These forests are also shrouded in fog for the most of the year whenever it does not rain. The epiphytes on the trees help condense the water vapour present in the air and it trickles down. The soil in these forests are really special as they are mostly made up of dead leaves that fall throughout the year from the evergreen trees above. You can only witness this if you got a chance to get into a shola. You cannot see your foot when you walk in a shola forest as it would be buried deep in the leaf litter and that makes the soil so special. It acts like a sponge and absorbs the water that it gets through rain or condensed mist. Since, these forests are found in the slopes mostly, the water that is retained in the soil begins to flow out of the forest in a trickle (Due to gravity? or The soil loses water being unable to hold anymore? May be both!) The trickles join to produce streams. So, it is a thumb rule of shola forests – a stream in every patch of shola. No matter how big or small the patch is, it will have a stream coming out of it!
The Shola grassland complex is an interesting eco-system that looks after itself. We just have to watch them from a distance without ever interfering their harmony. The plants that occur in Shola forests are brilliantly evolved and they have placed themselves so beautifully that they cannot exist if they were in other places. They cannot even exist elsewhere because, the conditions are just not right for them. They have to be in their place to survive. Let me explain that a bit more with some examples…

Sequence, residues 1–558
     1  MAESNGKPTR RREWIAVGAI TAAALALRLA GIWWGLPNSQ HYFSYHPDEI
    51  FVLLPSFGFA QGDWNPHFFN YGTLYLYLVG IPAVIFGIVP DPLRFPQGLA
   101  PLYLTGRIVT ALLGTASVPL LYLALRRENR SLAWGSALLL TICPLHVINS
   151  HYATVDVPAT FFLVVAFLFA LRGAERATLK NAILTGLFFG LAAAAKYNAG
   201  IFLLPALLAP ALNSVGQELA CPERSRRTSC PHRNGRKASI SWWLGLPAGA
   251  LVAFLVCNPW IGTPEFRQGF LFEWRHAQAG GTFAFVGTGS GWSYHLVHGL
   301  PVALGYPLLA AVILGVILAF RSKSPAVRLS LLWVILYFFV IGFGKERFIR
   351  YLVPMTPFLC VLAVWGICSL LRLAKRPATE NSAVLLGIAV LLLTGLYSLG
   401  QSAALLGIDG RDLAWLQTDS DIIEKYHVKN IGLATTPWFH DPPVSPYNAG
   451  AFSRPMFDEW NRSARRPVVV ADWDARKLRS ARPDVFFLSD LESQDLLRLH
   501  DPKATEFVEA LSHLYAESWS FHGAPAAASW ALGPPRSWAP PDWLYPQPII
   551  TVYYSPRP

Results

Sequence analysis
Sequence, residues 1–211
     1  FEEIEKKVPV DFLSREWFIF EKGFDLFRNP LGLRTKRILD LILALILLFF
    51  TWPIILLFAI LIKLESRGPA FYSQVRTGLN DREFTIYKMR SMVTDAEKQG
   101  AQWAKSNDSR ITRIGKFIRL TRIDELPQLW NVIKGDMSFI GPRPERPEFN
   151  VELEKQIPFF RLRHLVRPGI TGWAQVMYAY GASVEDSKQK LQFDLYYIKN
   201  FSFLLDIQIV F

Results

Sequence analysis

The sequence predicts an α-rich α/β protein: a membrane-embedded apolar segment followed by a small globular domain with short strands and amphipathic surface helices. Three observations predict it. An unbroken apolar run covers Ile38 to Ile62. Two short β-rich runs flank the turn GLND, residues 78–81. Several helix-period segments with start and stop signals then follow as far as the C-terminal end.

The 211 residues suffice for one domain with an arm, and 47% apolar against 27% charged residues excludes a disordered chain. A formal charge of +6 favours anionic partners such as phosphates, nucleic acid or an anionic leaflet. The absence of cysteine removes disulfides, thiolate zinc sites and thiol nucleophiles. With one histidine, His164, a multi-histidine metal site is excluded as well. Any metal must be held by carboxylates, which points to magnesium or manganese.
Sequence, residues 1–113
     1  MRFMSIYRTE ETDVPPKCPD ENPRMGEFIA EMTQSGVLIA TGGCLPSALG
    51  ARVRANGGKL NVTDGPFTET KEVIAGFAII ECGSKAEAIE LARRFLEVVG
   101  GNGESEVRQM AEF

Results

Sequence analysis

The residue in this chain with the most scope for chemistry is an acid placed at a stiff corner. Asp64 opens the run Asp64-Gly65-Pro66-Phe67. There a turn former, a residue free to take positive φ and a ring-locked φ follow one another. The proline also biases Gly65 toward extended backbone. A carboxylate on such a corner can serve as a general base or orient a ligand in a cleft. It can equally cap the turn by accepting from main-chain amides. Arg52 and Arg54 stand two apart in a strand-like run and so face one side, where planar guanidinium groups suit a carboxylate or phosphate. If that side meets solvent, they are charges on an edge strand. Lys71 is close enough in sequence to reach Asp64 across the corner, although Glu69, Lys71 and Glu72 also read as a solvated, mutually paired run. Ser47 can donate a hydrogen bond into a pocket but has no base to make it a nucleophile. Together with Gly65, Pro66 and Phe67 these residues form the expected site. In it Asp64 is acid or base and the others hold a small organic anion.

Impatiens generally like shade and moisture. Most impatiens found in the shola forests are found along the streams. They love a constant supply of water, the moisture, shade and they use the water to disperse their seeds which are carried away in the stream and germinate and grow when they get a hold somewhere in the path. Hence, they are found along the streams!
This impatiens is found along the streams in shola forests. If not along the streams, they will at least it should be a trickle of water which should have brought the seeds there! Impatiens elegans is endemic to Tamil Nadu and Kerala. This one was found in the Anamalai Hills of Valparai, Tamil Nadu.